What you can get for $1 million in Gramercy Park, where residents have keys to a private park
- The area has walk-ups, townhouses, and larger apartment buildings on picturesque streets
- Studio co-ops start at $400,000 and one-bedroom condos at $1.2 million, less for fixer-uppers
- Its central location, lack of tourist attractions, and historic architecture are the main draws
Sotheby's International Realty
Have you always wanted to live in Gramercy Park but assumed you were priced out? In this new series, Brick looks at listings in New York City’s most in-demand neighborhoods for under $1 million—roughly the median sales price for Manhattan co-ops and condos—as well as higher-priced options below $2.5 million.
If your goal is to live large, think small: Buying a studio or one bedroom is a way to net the nabe of your dreams. New to buying NYC real estate? Be sure to wrap your head around the difference between co-ops and condos. Co-ops are generally less expensive but also are older and have fewer bells and whistles than condos—plus more rules. With that in mind—happy hunting!
In this week’s Your Next Move, Rachel Altschuler, a broker at Sotheby’s International Realty-Downtown Manhattan Brokerage, and Brian Morgan, a broker at The Corcoran Group, give us the inside story on Gramercy Park, a classic NYC neighborhood with historic architecture, picturesque streets, and the private park of the same name.
What draws buyers to the neighborhood?
With its relaxed feel and vibrant energy, Gramercy Park “is the best of both worlds,” Altschuler says. “Centrally located, it has a small-town feel; its privacy is a treasure.”
One of the main attractions, Morgan says, is the two-acre Gramercy Park, which is one of only two private parks in NYC. “Only the people who live there and pay an annual fee have a key,” he says.
The neighborhood, he adds, is in the middle of the city, “steps away from the East Village, Park Avenue, and Grand Central Station. It’s close to Union Square and is on the cusp of so many good neighborhoods.”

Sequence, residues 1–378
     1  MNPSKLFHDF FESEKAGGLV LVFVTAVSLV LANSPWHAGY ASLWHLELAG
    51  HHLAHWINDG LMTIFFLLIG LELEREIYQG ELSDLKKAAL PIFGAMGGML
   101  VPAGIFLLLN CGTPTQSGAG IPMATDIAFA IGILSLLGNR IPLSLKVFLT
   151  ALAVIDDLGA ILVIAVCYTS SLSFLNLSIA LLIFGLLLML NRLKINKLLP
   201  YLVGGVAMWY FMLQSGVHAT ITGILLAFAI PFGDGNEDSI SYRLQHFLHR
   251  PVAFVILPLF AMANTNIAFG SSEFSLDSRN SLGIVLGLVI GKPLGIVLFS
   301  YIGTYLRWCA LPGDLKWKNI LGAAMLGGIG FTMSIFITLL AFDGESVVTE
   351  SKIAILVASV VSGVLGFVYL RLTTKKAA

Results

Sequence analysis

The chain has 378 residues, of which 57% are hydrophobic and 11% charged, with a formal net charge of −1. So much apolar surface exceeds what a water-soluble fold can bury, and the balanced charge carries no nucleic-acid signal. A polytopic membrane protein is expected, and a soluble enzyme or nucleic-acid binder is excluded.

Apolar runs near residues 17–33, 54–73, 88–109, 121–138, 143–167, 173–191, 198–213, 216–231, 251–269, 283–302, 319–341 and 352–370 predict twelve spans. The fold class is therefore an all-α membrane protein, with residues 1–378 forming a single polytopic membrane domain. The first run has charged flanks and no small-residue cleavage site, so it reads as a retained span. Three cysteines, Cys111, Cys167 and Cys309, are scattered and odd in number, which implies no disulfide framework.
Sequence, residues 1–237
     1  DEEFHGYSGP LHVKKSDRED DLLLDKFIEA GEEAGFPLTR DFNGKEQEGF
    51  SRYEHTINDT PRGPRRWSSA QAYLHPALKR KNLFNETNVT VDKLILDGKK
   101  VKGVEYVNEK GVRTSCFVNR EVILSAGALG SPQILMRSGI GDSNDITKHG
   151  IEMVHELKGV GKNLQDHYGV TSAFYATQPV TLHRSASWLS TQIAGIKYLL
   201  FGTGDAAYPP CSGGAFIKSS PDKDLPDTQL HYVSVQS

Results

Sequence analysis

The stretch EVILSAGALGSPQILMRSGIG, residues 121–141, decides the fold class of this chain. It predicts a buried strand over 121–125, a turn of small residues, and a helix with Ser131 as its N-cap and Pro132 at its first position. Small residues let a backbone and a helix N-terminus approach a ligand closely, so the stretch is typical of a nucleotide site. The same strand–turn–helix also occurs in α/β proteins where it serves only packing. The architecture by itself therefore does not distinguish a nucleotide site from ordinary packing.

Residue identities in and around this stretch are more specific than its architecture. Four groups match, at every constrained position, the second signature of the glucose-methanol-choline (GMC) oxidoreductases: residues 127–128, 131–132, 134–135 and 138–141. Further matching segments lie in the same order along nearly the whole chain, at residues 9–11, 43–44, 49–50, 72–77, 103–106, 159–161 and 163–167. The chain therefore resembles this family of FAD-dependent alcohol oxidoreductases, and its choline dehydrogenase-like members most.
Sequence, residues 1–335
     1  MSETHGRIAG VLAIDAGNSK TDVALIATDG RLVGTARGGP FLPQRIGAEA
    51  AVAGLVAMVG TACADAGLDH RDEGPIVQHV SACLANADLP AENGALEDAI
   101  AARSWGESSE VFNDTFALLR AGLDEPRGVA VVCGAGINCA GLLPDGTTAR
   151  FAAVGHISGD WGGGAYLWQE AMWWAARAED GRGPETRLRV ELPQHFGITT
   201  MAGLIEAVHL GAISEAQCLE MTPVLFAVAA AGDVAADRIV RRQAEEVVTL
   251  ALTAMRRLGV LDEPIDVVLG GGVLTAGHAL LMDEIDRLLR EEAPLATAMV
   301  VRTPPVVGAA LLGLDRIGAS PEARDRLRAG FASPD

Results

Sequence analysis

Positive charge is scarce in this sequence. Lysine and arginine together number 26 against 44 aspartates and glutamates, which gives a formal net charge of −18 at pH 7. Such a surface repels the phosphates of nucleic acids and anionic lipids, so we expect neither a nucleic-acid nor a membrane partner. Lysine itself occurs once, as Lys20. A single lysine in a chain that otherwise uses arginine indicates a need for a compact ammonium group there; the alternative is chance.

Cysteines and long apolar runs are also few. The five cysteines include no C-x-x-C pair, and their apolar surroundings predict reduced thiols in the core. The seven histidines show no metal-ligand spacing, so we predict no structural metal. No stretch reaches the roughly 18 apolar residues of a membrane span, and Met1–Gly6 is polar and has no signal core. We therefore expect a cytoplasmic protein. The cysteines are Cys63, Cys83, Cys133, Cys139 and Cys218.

What are housing and pricing like?
The neighborhood is known for walk-ups, townhouses, and larger apartment buildings.
“Gramercy is one of the highest-priced neighborhoods due to high demand and low inventory,” Altschuler says. “As you head closer to Second and Third avenues, you can find more affordable pricing as well as more options for renters.”
Prices range from $400,000 for a real fixer-upper, to over $20 million for premier properties, including townhouses, Morgan adds.
What type of property can I get for under or around $1 million?
You can get a studio condo for around $700,000 to $900,000, says Altschuler, adding that one bedrooms typically start closer to $1.2 million.
She notes that you can, however, find a one-bedroom co-op for under $1 million, “although it may need some work, or the building may lack amenities.
Studio co-ops start at around $400,000 to $600,000.
Buyers will pay a premium for high-end renovations and prewar features such as a fireplace, beamed ceilings, and original hardwood floors.”
StreetEasy lists 65 properties for $1 million or less.
I can stretch my budget. What can I get for $2.5 million?
There are a few options up to $2.5 million that include two- and three-bedroom condos and co-ops.